Promising Amy and Rory a glimpse of the second most popular vacation destination in the universe, the Doctor miscalculates slightly, landing the TARDIS in the right place at the worst possible time: the planet is in the thrall of a global plague, and robotic medics have been mobilized to contain and treat those with the illness. A system of vast temporal engines has been set up to keep the victims alive by altering the speed of their timestreams. Amy is separated from the Doctor and Rory, and worse yet, when they go to rescue her, the Doctor can’t step outside the TARDIS due to the brute-force temporal engineering taking place. Rory has to find Amy himself, and indeed he does: she has aged 36 years since she last saw her fellow TARDIS travelers, and she’s not happy about it. The Doctor devises a plan to go back and undo this timeline, but the older Amy objects strenuously: if Amy Pond is going to resume her travels in the TARDIS, it’ll be Amy in her fifties, not Amy in her twenties. The Doctor leaves it up to Rory to make the agonizing decision.
written by Tom MacRae
directed by Nick Hurran
music by Murray Gold
Notes: This episode summons memories of numerous iconic Doctor Who adventures past: the Doctor and his companions were accosted in a blank, all-white space by all-white robots in 1968’s The Mind Robber, while the TARDIS toolbox (a fixture dating back to Tom Baker’s era) was last seen in the 1996 TV movie starring Paul McGann. That movie was also the last time that the TARDIS was seen to have an alarm-clock-style split-flap display was seen roaring backward or forward in time at full speed. The free-standing gateways to other dimensions are slightly reminiscent of the Iconian gateways in Star Trek lore (TNG: Contagion, DS9: To The Death), though anyone who’s ever been to Narnia can attest that Star Trek was hardly the first SF or fantasy epic to use the device.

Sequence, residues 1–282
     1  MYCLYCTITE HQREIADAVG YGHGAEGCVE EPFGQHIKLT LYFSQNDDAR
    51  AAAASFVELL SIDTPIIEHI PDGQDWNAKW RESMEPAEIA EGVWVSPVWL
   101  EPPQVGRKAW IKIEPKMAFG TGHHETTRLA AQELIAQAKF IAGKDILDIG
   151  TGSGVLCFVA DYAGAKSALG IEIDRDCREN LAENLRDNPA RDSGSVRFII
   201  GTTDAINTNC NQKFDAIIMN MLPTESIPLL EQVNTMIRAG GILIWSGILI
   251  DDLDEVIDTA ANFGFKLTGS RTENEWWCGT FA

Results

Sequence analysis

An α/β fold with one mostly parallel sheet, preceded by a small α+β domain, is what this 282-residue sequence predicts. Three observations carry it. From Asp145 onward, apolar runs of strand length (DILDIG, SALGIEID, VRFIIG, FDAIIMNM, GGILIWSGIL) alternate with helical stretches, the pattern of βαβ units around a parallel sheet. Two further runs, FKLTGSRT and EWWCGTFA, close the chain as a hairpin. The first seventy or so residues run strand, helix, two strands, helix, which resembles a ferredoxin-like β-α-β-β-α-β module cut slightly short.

LogBook entry & review by Earl Green
Review: This episode would’ve been amazing in the 2010 season. The only problem with it appearing in the 2011 season is that, by now, we’ve already seen Rory wait two thousand years – in a goofy Roman centurion outfit, no less! – to be reunited with Amy in the 2010 season’s two-part finale.
The episode really belongs to Arthur Darvill and Karen Gillan, with the Doctor sidelined in the TARDIS, and truth be told, it’s a much more effective treatment of the “long wait through time” storyline than The Pandorica Opens / The Big Bang was. The robots are a stylish threat with an obligatory Moffat-style creepy repeated catchphrase (“This is a kindness!”), and the stark white settings accomplish the task of being unsettlingly surreal (just as it was in The Mind Robber). We’ve traded Roman Rory for Joan of Arc Amy in the obligatory strange costume choice. And the whole star-crossed-lovers-moving-through-time-at-different-speeds is an old favorite of Moffat’s too, isn’t it? Not just referring to last year’s finale, but dating back to The Girl In The Fireplace in David Tennant’s first season as the Doctor. (The similarities must be slipping past most people though: both Fireplace and Pandorica / Big Bang have won the Hugo Award. Maybe this episode will too.)
Not to crap all over The Girl Who Waited – it’s actually the best version of this same basic story out of the three, by far, with a temporal paradox that plays the heart strings as skillfully as it tickles the geek gene. But when the same concept keeps recurring in a fairly short space of time, Who a la Moffat is starting to seem like it’s got a very limited box of tricks.